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skwee

Graphics engine design. A bit confused..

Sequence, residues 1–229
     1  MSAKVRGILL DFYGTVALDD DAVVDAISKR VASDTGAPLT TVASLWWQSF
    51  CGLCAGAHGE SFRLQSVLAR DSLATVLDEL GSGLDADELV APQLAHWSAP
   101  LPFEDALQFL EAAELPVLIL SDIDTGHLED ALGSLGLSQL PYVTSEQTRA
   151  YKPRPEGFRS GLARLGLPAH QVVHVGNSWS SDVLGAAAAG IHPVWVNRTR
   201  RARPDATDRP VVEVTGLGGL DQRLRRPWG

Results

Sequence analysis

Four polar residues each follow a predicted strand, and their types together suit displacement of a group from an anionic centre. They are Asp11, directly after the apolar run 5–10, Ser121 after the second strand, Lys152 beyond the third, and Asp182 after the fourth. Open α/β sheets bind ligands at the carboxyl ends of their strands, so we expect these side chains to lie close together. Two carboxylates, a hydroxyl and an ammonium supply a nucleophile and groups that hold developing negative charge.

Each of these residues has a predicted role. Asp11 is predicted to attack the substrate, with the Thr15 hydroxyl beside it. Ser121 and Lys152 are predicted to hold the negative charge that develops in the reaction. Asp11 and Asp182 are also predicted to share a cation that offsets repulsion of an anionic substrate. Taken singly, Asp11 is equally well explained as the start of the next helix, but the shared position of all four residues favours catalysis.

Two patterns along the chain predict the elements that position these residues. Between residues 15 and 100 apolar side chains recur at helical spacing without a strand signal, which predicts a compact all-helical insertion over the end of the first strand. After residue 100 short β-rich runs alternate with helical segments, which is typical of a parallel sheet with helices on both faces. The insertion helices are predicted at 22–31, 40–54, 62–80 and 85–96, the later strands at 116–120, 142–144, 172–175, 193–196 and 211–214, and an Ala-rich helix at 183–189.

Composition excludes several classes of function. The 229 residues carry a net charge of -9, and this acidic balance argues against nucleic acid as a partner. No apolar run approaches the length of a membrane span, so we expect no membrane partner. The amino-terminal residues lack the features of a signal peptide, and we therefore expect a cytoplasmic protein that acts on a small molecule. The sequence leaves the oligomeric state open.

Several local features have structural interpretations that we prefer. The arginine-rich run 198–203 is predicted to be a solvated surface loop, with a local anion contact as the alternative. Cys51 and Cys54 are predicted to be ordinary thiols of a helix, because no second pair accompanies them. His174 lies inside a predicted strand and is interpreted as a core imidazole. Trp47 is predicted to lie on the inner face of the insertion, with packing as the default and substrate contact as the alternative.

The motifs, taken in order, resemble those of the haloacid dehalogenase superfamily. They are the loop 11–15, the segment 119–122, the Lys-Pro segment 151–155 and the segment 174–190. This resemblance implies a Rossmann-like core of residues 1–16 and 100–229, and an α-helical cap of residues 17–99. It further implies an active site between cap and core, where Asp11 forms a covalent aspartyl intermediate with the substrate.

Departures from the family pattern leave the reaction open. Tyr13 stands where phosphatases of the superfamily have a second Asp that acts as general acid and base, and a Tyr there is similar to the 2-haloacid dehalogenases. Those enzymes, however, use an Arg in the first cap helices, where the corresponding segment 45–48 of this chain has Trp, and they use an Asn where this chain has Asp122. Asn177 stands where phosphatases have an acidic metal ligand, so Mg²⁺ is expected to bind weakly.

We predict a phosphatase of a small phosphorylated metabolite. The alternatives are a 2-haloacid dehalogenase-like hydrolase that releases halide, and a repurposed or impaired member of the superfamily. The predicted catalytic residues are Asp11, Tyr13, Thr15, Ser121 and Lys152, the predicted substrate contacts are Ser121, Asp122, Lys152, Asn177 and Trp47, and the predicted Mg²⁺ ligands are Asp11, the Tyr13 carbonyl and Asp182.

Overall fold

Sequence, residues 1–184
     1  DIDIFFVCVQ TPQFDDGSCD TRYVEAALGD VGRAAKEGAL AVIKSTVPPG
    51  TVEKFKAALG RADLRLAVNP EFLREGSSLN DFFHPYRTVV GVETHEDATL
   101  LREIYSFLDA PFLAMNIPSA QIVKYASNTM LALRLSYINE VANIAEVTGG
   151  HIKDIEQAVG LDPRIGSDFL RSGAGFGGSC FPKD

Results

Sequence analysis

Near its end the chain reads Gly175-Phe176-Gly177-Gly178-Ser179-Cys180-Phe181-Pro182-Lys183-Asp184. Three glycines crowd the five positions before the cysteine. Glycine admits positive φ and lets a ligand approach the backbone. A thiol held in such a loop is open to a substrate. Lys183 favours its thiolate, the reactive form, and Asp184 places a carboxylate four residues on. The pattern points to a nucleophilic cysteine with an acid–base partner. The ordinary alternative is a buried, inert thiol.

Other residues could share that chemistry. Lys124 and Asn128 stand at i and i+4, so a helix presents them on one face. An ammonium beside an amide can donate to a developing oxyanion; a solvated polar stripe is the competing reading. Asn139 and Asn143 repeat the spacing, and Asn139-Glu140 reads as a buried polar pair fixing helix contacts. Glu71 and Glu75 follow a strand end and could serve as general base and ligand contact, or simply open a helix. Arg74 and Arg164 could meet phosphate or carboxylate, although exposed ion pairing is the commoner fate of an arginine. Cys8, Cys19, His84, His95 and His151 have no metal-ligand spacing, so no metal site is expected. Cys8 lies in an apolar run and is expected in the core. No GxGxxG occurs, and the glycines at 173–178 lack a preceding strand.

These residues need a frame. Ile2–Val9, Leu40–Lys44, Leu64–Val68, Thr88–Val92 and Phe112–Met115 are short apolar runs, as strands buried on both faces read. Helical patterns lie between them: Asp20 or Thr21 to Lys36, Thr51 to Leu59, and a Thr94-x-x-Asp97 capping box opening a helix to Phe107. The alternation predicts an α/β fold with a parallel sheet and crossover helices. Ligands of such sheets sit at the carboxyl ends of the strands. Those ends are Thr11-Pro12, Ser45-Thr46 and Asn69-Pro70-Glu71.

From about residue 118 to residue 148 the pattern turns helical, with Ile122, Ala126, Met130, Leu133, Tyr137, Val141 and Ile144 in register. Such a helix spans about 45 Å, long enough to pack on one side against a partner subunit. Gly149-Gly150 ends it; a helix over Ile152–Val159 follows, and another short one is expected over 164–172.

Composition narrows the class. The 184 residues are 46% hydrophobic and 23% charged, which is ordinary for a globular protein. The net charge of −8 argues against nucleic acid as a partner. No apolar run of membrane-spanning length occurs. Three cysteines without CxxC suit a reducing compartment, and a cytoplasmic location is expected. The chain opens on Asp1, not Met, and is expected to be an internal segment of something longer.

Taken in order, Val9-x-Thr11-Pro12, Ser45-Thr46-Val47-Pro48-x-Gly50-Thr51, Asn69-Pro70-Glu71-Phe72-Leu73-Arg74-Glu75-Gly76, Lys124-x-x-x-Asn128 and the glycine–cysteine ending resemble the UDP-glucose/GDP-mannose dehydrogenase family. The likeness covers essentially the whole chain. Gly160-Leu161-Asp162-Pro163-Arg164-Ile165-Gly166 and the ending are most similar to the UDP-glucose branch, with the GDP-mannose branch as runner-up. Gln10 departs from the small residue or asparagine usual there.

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Hello folks :) Well first of all I'm not an engine/framework-lover and I'm not going to make a mega engine or something else, just want to wrap some things (like Initialization, some drawing functions and etc) into one class that will be my so called "Graphics engine". Well wrapping things into class not a problem, the problem is presented here: I want to have some objects, actually not "few" but only 3. One object will be some basic things like cube, sphere, parallelepiped and etc. The second one going to be an MD2 (quake2 model format) object, and the last one is BSP (quake/half-life map format) object. The problem that everyone of them will have a different Render method. A cube will be rendered as vertices, MD2 will be rendered using OpenGL commands found inside the file itself, and BSP don't know yet :) I assume it will be vertex arrays. And finally the problem: I can add to every object his own Render() method, but then they become isolated from the engine, I mean engine MUST render object, not the object itself.. The second option is to add Render methods to Engine, things like RenderObject(Object& o), RenderMD2(MD2Model& md2), RenderBSP(BSPModel& bsp). This suits more to the structure of "engine must render objects". But it this case objects not managed through engine (good or bad I don't know). The last one I used it in my last project, Is to create std::list of base class Object, and every model that need to be rendered added to this list and then the Render() method of my engine simply run over the list and call Render() method of object. This Is the options I came with. Can someone help to decide what model is the best? How you do it? How others do it? Thanks a lot :)